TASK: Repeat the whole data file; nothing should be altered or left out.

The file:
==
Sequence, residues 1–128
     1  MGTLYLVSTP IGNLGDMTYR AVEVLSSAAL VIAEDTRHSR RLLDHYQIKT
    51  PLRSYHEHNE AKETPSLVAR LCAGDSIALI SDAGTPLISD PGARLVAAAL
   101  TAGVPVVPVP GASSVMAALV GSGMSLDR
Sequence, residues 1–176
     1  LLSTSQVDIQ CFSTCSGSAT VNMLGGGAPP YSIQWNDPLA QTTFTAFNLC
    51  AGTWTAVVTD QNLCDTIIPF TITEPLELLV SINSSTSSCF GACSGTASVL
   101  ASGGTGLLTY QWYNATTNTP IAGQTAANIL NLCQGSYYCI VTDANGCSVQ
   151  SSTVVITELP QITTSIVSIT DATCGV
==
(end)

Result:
Sequence, residues 1–128
     1  MGTLYLVSTP IGNLGDMTYR AVEVLSSAAL VIAEDTRHSR RLLDHYQIKT
    51  PLRSYHEHNE AKETPSLVAR LCAGDSIALI SDAGTPLISD PGARLVAAAL
   101  TAGVPVVPVP GASSVMAALV GSGMSLDR
Sequence, residues 1–176
     1  LLSTSQVDIQ CFSTCSGSAT VNMLGGGAPP YSIQWNDPLA QTTFTAFNLC
    51  AGTWTAVVTD QNLCDTIIPF TITEPLELLV SINSSTSSCF GACSGTASVL
   101  ASGGTGLLTY QWYNATTNTP IAGQTAANIL NLCQGSYYCI VTDANGCSVQ
   151  SSTVVITELP QITTSIVSIT DATCGV